How far would you go to save your ill child's life?
One Florida mother's battle for her daughter has become a fight to legalize medical marijuana.
All parents want a healthy happy baby. Little Dahlia Barnhart appeared to be just that when she was born. But around 2-years-old her mother Moriah noticed something was different about her child. Saying Dahlia often complained of having headaches. By May of 2013 the family of the Tampa toddler was told she had brain cancer.
"The day you find out your child is critically ill not only are you put in the most devastating position in your life, but further more you are told that if you do ask any questions or step outside of the box the state will take your child and they will undergo those very dangerous low success rate treatments whether you agree to it or not," said Barnhart.
Dahlia is now being treated at St. Jude Children's Hospital in Memphis. But back home, Moriah Barnhart is leading the fight to allow children like her daughter to be treated with an unconventional method of easing pain, medical marijuana
"We want this highly regulated, highly licensed," said John Morgan. "We want this done by medical doctors."
At the forefront of the Florida effort to legalize medicinal marijuana is attorney John Morgan of the Morgan & Morgan law firm. You've likely seen or heard his commercials urging people to sign a petition to get the issue of legalization onto the November 2014 ballot.
"We have several hundred thousand signatures," said Morgan. "We had to send some 60,000 to the attorney general. It's now on her desk waiting for her to send it to the supreme court. The Supreme court will then rule on the constitutionality of the language."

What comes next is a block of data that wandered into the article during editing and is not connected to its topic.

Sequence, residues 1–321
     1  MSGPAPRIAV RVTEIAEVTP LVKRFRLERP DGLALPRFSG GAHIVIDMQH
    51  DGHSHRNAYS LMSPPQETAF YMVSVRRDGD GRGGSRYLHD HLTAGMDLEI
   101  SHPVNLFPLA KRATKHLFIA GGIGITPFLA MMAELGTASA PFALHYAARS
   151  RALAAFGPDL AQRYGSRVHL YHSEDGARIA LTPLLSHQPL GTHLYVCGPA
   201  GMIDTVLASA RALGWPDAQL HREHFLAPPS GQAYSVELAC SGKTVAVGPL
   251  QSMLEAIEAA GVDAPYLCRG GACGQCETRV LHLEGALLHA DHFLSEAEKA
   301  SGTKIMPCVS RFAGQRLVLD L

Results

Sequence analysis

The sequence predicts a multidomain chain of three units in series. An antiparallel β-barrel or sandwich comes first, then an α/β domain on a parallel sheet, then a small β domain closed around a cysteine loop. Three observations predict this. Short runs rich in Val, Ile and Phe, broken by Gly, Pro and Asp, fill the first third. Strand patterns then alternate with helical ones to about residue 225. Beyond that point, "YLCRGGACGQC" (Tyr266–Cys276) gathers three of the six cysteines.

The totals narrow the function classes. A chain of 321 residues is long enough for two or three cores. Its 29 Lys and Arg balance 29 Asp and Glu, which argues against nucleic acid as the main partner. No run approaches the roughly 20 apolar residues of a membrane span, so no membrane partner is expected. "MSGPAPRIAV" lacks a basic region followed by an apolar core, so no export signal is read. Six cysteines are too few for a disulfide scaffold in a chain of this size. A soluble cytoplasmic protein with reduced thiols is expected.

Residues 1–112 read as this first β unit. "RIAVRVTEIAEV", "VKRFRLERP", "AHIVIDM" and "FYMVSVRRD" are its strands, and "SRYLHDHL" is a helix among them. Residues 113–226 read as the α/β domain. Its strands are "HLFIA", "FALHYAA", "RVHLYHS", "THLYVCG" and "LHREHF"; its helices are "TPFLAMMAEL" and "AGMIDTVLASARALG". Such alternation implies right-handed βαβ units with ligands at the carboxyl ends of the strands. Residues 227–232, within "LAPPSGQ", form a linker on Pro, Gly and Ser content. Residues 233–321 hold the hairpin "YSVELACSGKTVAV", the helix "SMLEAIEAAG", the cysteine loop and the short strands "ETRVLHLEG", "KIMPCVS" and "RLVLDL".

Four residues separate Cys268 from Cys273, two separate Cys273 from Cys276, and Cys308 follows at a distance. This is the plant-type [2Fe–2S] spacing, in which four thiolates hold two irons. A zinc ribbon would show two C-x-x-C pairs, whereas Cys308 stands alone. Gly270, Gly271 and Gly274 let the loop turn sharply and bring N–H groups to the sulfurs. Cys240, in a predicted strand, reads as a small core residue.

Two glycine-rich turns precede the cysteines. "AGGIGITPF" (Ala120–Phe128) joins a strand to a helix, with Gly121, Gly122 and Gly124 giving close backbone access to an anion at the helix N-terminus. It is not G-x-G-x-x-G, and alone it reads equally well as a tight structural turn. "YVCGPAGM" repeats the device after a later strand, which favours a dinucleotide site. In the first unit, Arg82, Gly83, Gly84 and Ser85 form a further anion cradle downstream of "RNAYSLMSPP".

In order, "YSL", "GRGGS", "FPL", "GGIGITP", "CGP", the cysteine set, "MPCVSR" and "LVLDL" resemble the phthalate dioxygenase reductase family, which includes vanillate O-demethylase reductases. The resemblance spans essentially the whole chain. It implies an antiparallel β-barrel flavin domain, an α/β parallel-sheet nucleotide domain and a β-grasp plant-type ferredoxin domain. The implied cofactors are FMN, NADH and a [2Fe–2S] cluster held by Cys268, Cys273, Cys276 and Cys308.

From there, the group "People United for Medical Marijuana" would have to collect about 700,000 signatures by the end of February.
It's a challenge Morgan says he's willing to take on. His own father he says used medical marijuana to ease his pain after being diagnosed with esophageal cancer.
"I know that hundreds of thousands of people could benefit if this constitutional amendment is passed," said Morgan.
Florida law now strictly prohibits the use of marijuana for any reason. The Florida Police Chiefs Association is firm on their stance stating that, "It is neither rational nor compassionate to provide a harmful, addictive drug with no scientifically proven medical efficacy."
They believe an increase in the availability and use of the drug will worsen the states crime problem. And legalization of marijuana For medical purposes sends the wrong message to young people.
"At this point we need to move forward it needs to be in the hands of medical professionals, politicians are not physicians," said Barnhart. "Let our doctors do their jobs."
Pediatrician Randy Thorton says there's very little research on medical marijuana and its effect on children.
"All of the information I've seen so far (says) it's relatively safe," said Thorton. "We just don't know long term. My feeling is if you're at the end of the road and nothing else is working and its legalized, try it."
Barnhart says it's painful to watch her daughter undergo chemotherapy, take morphine and other drugs that causes her to appear lifeless at times.
"People want to talk about getting high. She's taking morphine. Morphine gets you high," said Barnhart.
Dr. Thorton says medical marijuana for children would not be smoked like the street drug. Instead it can be made into a liquid.
"It's altered so they remove the parts of the marijuana that give you the buzz or the rush," said Throton. "And leave the chemicals that can help with certain conditions like seizures."
Barnhart says she won't ever let go or give up on Dahlia, and her fight to live a normal life. A life free of hospital beds, medications, pain and suffering.
Barnhart has created a petition on the Whitehouse website. She also has a site called dahliastrong.org, where she shares Dahlia's story in the hopes of garnering enough support to lead to legalization.
Medical marijuana is legal in 20 states and D-C. If the Florida Supreme Court permits the measure to actually go before voters, legalization will be voted on in November of 2014.
First Coast News